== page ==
Mortgages in the UAE should be limited to seven years income for expatriates and eight years income for Emiratis, banking chiefs have recommended.
The Emirates Banks Association has put forward a series of suggestions to the Central Bank on how best to regulate mortgages amid proposals to cap the amount that can be lent to homebuyers and investors.
Responding to a questionnaire distributed by the Central Bank on how the controversial cap should be implemented, the EBA recommended the maximum mortgage repayment period should be 25 years, with the final installment coming before an Emirati home buyer reaches the age of 70 and before an expatriate turns 65 and is forced by law to leave the country.
Mortgage repayments should be adjusted upon retirement and rescheduled if necessary, if payments exceed half of an individual's income.
End-of-service-benefits should not be included in the calculation of how much a person can borrow.
For first time buyers, the EBA reiterated a previous recommendation that the mortgage cap should be set at 75 per cent of a property's value for expatriates and 80 per cent for UAE Nationals. This limit would tighten to 65 per cent for UAE Nationals and 60 per cent for expatrs for purchases of second properties.
The EBA also dropped plans to cap lending to buyers of properties under construction.
Previously, the industry lobby group said that it would recommend a cap on so-called "off-plan" financing at 50 per cent of a property's value.
The group said talks so far had demonstrated a degree of "cooperation between the Emirates Banks Association and the Central Bank to protect borrowers, the banking sector and the national economy," it said in a statement announcing its recommendations.
In December, the Central Bank distributed a circular to lenders stating that mortgage loan-to-value limits should be capped at 50 per cent for expatriates and 70 per cent for Emirati mortgage buyers.
After initial purchases, the limits would be tightened to 40 per cent for second homes for expatriates and 60 per cent for UAE Nationals. Previously, no limit had existed, which some in the industry had worried was feeding into a property bubble as the real estate market recovered last year.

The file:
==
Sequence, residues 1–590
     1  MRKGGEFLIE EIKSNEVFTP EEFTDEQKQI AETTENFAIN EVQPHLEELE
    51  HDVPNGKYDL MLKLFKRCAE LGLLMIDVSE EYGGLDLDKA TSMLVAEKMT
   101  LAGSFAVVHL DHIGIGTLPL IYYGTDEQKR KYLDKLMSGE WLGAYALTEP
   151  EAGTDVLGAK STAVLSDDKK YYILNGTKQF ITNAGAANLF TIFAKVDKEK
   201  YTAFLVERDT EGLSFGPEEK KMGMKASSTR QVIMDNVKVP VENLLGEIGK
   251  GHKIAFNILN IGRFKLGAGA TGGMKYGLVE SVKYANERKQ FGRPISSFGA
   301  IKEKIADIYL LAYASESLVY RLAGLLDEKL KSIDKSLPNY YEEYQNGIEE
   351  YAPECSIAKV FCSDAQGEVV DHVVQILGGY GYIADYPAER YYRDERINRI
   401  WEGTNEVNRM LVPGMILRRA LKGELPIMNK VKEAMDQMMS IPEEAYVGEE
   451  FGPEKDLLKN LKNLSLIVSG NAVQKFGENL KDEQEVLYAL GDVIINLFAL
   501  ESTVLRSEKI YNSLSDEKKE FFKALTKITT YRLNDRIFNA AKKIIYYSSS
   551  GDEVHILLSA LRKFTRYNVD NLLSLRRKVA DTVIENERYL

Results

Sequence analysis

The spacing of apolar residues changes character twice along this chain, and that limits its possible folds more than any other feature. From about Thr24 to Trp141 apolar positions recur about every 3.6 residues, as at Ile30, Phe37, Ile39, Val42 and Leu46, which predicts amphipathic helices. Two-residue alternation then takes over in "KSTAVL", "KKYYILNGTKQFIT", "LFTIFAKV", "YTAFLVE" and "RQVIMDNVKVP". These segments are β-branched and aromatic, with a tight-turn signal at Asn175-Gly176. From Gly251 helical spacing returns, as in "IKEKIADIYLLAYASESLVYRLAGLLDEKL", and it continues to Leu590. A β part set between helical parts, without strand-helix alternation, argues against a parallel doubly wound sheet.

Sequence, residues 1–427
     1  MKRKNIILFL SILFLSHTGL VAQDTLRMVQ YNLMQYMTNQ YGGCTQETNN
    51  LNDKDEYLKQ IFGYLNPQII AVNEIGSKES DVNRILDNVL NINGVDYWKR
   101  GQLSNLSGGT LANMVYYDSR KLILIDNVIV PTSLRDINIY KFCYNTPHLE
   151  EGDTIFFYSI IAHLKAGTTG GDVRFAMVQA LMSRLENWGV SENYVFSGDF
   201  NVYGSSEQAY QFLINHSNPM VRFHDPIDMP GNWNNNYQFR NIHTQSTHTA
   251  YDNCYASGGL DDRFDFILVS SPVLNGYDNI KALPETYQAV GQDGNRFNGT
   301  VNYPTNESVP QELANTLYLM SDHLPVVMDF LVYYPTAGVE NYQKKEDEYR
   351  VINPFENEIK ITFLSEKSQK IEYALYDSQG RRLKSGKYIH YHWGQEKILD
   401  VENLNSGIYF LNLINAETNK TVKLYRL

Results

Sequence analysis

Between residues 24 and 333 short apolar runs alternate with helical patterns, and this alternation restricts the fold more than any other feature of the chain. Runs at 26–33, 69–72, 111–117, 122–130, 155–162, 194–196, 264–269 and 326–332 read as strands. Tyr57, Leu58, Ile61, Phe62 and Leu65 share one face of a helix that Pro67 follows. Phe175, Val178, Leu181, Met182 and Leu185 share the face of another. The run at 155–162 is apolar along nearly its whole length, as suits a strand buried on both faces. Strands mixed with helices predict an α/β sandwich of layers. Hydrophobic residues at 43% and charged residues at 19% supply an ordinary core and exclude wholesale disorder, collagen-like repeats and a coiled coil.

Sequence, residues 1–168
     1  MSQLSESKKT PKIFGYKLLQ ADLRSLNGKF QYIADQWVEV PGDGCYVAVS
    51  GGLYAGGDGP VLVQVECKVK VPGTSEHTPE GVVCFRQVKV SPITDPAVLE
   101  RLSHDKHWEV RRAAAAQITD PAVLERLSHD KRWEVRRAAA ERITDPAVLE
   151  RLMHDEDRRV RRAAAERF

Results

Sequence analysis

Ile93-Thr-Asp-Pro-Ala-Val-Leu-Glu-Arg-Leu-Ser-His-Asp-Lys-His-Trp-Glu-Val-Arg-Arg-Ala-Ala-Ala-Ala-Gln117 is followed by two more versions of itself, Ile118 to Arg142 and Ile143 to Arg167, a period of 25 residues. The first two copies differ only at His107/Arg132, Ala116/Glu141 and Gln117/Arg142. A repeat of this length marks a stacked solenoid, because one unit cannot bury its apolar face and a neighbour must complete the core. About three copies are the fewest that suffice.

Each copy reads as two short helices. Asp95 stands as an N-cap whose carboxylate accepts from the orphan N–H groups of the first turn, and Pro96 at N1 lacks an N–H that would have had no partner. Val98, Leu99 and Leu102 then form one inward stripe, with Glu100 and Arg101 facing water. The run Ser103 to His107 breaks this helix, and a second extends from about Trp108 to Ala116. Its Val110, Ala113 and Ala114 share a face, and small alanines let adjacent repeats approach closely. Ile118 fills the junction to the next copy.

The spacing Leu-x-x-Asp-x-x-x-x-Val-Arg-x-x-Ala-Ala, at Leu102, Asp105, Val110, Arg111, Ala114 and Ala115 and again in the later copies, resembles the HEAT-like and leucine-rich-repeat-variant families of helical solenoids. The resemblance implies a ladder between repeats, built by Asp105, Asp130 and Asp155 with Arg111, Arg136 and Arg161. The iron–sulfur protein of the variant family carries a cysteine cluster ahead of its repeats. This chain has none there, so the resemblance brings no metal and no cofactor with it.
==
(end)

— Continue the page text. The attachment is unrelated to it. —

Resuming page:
The circular sparked a panic among banks, who feared the loss of their home lending business, and real estate agents, who said mortgage transactions dried up almost overnight.
Under pressure from commercial lenders to lower the cap because of the potential economic damage, the Central Bank backed down last month, saying that a "misunderstanding" had taken place and the circular was intended as the beginning of a consultation.
The EBA said last month in response that it was recommending that mortgages for properties under construction - also known as "off-plan" financing - be capped at 50 per cent of a properties' value. An EBA spokesman said this recommendation had not been sent to the Central Bank.
Off-plan property sales created many of the most bitter legal battles of Dubai's property crash, with lenders, developers and prospective home owners affected as swathes of projects stalled in the midst of the global financial crisis
During the first nine months 2012, total mortgages in the UAE grew by 0.1 per cent to Dh161.7 billion. Real estate agents say the housing market has been dominated by cash sales, with banks struggling to attract enough new mortgage customers to replace existing loans being paid off.